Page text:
B. Language does, however, have sufficient precision to expose contradiction at some levels.
C. But, the use of the numbers by Matthew, Mark, and Luke does not reach to those levels.
1. The "counting of days" has always been problematical because of the ways that such counting have been compromised in the various cultures.
a. Some cultures counted a "day" from sundown to sundown.
b. Others counted a "day" in regard to the issues of light and darkness so that a "day" was understood to begin at dawn and end at dusk.
c. Others counted a "day" from midnight to midnight so that one "day" ended, and another began, in the deep darkness of the shadow of the earth as it turned away from the sun.
d. In addition, all cultures seem to have enough "slop in the gears" to allow a person to speak of a "day" when all they really mean is a segment of the twenty-four hour period.
2. If Matthew and Mark were, in actuality, counting the "days" as full twenty-four-hour periods, they could easily say "after six days" without creating any "error".
3. If Luke was, in actuality, counting the "days" as distinct segments of time that included those "days" that had only a partial segment within the count, he also could easily say "some eight days" without creating any "error".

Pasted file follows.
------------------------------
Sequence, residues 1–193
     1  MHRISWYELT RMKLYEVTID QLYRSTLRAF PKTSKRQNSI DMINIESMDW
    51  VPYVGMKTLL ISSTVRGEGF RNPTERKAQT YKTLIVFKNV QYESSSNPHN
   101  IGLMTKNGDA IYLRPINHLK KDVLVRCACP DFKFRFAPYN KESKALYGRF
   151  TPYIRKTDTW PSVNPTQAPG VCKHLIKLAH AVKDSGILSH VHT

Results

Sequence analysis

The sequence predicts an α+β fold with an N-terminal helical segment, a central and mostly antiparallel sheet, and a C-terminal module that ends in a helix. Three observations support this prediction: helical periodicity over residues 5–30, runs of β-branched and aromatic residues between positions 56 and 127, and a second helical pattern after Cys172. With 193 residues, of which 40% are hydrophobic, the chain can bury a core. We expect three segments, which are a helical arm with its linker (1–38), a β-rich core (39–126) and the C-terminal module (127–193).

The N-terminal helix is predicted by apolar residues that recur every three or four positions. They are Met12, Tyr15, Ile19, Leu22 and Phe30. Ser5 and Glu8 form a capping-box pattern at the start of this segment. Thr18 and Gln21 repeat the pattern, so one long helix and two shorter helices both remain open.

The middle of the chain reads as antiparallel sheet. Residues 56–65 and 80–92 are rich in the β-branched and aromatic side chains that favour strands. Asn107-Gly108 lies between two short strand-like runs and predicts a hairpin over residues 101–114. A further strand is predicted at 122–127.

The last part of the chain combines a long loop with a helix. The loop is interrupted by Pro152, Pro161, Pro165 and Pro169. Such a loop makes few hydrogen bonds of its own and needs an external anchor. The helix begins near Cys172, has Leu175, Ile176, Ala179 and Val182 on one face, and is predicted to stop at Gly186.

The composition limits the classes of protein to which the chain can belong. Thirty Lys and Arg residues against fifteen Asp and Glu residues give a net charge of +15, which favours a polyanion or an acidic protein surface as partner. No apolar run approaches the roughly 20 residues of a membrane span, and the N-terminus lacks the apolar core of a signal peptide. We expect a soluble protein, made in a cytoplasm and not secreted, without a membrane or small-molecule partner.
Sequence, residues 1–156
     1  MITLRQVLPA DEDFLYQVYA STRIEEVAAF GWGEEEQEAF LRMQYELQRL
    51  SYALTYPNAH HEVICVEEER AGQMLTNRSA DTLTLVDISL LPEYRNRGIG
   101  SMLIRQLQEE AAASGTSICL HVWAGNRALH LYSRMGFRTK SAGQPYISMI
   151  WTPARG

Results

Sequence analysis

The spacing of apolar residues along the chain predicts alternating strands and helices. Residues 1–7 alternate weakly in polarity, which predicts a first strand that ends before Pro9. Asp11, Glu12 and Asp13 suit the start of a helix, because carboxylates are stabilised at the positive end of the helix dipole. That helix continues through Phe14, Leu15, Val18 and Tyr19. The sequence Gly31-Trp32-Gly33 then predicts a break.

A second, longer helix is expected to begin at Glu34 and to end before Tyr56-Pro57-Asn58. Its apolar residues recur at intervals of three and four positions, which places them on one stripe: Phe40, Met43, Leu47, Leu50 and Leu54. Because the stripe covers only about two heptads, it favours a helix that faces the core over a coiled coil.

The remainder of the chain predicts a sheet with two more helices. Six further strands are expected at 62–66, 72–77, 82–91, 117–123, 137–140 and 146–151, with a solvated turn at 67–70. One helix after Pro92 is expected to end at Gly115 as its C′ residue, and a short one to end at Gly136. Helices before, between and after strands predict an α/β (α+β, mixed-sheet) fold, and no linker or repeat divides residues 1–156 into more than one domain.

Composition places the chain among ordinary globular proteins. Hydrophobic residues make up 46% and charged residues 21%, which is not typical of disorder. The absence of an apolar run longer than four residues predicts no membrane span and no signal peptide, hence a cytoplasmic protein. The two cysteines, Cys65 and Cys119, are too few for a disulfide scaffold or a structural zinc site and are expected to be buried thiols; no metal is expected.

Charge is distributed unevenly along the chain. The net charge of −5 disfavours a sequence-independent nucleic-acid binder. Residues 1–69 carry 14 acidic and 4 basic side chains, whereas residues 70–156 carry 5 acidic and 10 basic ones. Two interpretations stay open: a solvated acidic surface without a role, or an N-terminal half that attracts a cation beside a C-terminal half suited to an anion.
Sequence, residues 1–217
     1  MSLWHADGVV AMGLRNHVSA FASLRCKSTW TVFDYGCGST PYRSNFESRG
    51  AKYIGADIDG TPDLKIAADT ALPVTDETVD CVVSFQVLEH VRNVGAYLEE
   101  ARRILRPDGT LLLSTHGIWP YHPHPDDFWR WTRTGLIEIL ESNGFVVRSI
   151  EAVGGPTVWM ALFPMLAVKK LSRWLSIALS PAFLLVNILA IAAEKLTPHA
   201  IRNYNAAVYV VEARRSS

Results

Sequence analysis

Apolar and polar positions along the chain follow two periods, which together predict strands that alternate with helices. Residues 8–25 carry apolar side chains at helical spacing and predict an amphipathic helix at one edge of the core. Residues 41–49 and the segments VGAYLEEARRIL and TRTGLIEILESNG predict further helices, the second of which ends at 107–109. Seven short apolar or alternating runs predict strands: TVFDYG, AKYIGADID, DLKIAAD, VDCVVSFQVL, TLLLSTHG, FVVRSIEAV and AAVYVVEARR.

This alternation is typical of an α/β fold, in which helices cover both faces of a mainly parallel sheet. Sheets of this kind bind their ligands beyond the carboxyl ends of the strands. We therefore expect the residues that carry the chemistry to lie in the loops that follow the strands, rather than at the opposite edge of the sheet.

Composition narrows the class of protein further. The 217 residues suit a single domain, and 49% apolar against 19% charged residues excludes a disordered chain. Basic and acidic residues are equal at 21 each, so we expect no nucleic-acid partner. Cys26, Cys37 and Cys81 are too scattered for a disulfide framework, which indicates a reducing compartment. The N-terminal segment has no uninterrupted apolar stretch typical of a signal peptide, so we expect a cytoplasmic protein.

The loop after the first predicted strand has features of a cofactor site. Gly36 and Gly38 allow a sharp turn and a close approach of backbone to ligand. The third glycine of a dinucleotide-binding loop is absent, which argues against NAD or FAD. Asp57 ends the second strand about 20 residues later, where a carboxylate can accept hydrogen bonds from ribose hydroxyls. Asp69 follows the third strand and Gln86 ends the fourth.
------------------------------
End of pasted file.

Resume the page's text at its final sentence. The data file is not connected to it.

II. The Issue is a Meaning Issue.
A. The question is one of what Luke was attempting to do to his reader by telling him that it was "about eight days" after Jesus spoke His words that He gave the Three their experience.
B. The answer to that question has to deal with certain "facts".
1. The first of these "facts" is this: there is no biblical pattern for unspecified prophecies to have "significance" because of the "time" passed between the prophecy and its fulfillment.
a. Prophecies that have "time" issues within them are "time bound" and the "time" factors are highly significant.
b. But prophecies that have no specified "time" features in them get no "significance" from timing issues as timing issues.
2. The second of these "facts" is this: it is the ingrained impact of the "eighth" day that makes the impact.
a. In those cultures that observe seven-day weeks, an "eighth" day is, in reality, the "first" day of a new week.
b. Since it was God Who set up the seven-day week, what He has to say about things that happen on "eighth" days is significant.
1) One of the things God did in terms of an "eighth" day was to make it the day of entrance into the covenant of which circumcision was the "sign".